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Friday, October 15, 2004

Back in the saddle again.

It is Friday.

I am just now emerging from the cold-medicine induced haze in which I have spent most of the week.

Now I have to catch back up.

It really isn't missing the class time that has been hardest, it has been trying to study when your head is swimming.

Studying in general is a rather new convention for me. I was one of the "lucky ones" in college that never had to study. In fact, in one of my PoliSci courses my senior year I didn't even bother to purchase the book and still made an "A". I say this not to brag, but only to point out that I did myself a disservice because I had no study habits--whether good or bad--when I came to Law School.

All I had was an interview from the late Justice Marshall in which he said he was the same as an undergrad. However, he realized early in Law School that he needed to buckle down... and look where he ended. Regardless of many of our philosophical differences, Justice Marshall is and will always be my favorite justice. While I will probably never be as great a man as he, I still want to give it the same effort.

So this weekend I will be giving it even more attention so that I can get ahead again, even if it is only for a day or two.

Let me also take this chance to point out that even in a casebook, an editor/author's bias can be so transparent. Our Torts case book, for example: every edited inclusion he has used of a Judge Posner decision is used in the context of, "look how wrong the courts can be!" I happen to enjoy reading a Posner decision. The man makes a judicial decision interesting. Take this opening from Wassell v. Adams:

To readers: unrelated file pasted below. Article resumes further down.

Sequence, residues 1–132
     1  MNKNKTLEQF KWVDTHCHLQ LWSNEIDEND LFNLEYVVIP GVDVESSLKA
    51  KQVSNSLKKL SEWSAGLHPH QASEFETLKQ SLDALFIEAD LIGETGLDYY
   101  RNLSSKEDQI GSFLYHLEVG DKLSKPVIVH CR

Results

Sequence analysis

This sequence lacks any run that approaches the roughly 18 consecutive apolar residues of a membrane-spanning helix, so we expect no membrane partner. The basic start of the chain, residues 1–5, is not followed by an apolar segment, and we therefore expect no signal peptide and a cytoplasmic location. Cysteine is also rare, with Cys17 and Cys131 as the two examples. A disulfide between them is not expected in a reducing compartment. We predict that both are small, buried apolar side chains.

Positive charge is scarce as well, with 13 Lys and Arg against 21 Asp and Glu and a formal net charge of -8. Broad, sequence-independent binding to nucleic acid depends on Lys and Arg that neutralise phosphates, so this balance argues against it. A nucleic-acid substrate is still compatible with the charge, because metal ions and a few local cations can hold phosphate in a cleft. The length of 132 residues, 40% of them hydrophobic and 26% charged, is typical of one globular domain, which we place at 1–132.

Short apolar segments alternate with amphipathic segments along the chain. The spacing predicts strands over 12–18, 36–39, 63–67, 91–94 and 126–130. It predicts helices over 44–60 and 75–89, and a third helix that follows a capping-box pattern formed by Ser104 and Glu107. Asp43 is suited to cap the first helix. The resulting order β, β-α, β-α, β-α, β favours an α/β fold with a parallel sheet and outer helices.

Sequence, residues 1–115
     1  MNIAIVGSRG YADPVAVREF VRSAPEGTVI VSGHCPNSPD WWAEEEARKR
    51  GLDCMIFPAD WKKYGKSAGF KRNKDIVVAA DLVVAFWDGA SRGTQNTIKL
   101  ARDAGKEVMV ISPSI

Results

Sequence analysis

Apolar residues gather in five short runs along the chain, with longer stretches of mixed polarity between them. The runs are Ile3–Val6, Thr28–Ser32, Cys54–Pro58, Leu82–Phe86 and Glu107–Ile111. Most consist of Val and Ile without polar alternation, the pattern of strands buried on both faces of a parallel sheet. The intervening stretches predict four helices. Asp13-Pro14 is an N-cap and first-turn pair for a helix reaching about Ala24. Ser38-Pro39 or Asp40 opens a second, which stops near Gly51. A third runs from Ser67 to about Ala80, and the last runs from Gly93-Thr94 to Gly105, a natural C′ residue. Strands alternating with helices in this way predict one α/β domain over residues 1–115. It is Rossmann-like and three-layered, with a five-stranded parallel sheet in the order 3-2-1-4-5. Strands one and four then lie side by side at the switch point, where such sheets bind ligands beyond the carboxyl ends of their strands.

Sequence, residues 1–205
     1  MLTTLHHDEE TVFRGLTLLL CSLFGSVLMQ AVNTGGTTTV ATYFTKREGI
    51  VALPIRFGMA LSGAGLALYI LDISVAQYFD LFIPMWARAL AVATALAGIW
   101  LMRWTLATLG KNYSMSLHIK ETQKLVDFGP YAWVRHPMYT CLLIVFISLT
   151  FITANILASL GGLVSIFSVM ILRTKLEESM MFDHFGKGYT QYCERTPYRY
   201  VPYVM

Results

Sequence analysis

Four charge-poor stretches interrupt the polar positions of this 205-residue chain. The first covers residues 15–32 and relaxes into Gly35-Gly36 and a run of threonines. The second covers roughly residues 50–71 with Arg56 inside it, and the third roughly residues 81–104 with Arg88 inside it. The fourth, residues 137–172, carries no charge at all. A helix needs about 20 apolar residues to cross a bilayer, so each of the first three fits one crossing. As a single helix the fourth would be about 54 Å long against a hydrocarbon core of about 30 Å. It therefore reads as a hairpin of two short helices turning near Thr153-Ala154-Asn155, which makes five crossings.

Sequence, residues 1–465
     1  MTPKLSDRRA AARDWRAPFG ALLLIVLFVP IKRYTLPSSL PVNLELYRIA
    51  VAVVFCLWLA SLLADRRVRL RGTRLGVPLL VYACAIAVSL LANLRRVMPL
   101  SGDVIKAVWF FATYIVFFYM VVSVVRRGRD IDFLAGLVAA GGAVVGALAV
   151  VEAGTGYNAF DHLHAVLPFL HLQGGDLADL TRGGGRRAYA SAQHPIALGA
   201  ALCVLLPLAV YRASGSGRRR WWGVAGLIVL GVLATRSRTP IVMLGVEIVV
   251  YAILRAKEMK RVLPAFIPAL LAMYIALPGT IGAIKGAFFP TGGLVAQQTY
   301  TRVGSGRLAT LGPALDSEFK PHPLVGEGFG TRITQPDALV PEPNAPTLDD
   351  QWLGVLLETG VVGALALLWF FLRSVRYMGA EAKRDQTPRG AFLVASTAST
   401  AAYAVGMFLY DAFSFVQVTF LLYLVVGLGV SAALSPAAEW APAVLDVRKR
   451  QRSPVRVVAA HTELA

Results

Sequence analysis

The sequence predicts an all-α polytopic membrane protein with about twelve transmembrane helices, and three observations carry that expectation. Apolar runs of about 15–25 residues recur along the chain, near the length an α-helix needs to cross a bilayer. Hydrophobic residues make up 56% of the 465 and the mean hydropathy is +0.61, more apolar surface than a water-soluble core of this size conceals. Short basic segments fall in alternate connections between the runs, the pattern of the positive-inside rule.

The plaintiff, born Susan Marisconish, grew up on Macaroni Street in a small town in a poor coal-mining region of Pennsylvania--a town so small and obscure that it has no name . . . After graduating from high school she worked briefly as a nurse's aide, then became engaged to Michael Wassell. Michael joined the Navy in 1985 . . . He and Susan decided to get married as soon as he completed basic training.

That is about as close to reading a novel as I have come since beginning Law School. I wonder if Judge Posner wrote in this way to take pity on the scores of young law students that would one day be reading his decisions; sort-of a "break" from the usual hum of cases we go through each day?

However, if Posner anticipated his decisions being studied to such degree in Law School, I also wonder if he anticipated how much criticism they would receive? I know no judge is always right, but must Posner be painted as always wrong?

To me: Just an example of author/editor bias.


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